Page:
Haley and Charles began their marriage on a beautiful winter afternoon on the deck of the Hilton Melbourne Oceanfront. February weather is notoriously unpredictable around here. It could be 80 and humid or 40 and drizzly. On Saturday, February 09, we lucked out with low 70s, minimal humidity and just the right amount of sun!
Charles and Haley had one of those weddings that make me feel virtually useless. Everything was in place before I arrived, the DJ had a microphone for the officiant, and no one seemed to be suffering from an advanced case of wedding day nerves.
These two were simply adorable. I get a big kick out of couples who giggle and joke throughout their ceremony. Nothing wrong with a little levity, even during the vows! I think it just makes the occasion all the more charming.
The couple was attended by four groomsmen, five bridesmaids, a flower girl and a ring bearer. Their sand ceremony added to the humor of the occasion. The center vase had a rather narrow neck, but the funnel to assist with the blending of the sand was more a hindrance than a help. They eventually gave up on pouring the remainder of their sand. I suspect Haley was eager to press on and get to the kiss. I know Charles was!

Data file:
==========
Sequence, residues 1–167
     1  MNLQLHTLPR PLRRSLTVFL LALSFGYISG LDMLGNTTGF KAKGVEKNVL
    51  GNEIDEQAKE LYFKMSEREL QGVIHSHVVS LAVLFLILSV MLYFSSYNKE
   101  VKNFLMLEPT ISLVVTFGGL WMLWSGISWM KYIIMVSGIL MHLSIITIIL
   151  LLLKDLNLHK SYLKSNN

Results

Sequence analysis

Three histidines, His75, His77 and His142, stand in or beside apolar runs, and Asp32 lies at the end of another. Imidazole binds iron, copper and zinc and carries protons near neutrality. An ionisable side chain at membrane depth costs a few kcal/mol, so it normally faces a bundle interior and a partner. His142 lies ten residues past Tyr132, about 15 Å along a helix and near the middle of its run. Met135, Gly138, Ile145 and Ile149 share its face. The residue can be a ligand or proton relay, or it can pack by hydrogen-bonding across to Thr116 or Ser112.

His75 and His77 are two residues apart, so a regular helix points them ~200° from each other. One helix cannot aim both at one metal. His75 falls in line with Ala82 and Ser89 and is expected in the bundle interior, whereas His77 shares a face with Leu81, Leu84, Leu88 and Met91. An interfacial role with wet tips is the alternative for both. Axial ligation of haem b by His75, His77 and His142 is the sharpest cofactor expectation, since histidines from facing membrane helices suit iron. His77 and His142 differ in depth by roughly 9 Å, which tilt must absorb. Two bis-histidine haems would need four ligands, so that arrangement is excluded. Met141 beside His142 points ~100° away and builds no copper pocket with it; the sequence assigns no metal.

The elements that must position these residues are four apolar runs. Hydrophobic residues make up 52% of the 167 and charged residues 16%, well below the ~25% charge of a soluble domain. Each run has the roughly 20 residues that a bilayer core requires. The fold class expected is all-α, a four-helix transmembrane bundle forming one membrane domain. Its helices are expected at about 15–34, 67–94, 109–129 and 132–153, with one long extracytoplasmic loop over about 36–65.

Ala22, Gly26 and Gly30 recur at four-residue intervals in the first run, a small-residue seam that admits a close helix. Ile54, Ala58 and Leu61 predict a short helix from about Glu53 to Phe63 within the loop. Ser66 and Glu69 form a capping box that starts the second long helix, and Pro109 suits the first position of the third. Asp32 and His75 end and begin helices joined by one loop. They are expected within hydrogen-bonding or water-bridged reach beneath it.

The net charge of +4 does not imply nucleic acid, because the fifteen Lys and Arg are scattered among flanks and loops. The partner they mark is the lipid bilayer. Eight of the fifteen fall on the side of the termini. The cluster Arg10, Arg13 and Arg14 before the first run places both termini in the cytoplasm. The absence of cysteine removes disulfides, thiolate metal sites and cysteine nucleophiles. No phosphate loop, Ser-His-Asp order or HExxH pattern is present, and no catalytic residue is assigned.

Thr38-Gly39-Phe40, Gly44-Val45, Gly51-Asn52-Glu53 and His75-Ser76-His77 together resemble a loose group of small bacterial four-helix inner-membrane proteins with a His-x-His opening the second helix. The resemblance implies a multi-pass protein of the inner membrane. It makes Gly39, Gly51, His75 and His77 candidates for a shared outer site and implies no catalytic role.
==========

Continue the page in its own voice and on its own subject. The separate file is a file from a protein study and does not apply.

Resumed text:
I was really impressed with the decor. The aisle runner matched the men's ties! I asked Haley how she managed to coordinate everything. I assumed she had hired a professional planner or decorator to pull that off. Her response? "I either bought or made everything. That's why it's all coordinated, some stuff off of Etsy and made pretty much everything else." This is one seriously talented bride!
To marry is the biggest risk in human relations that a person can take. If we commit ourselves to one person for life this is not, as many people think, a rejection of freedom; rather it demands the courage to move into all the risks of freedom, and the risk of love which is permanent; into that love which is not possession, but participation. It takes a lifetime to learn another person. When love is not possession, but participation, then it is part of that co-creation which is our human calling, and which implies such risk that it is often rejected. ~ From "The Irrational Season" by Madeleine L'Engle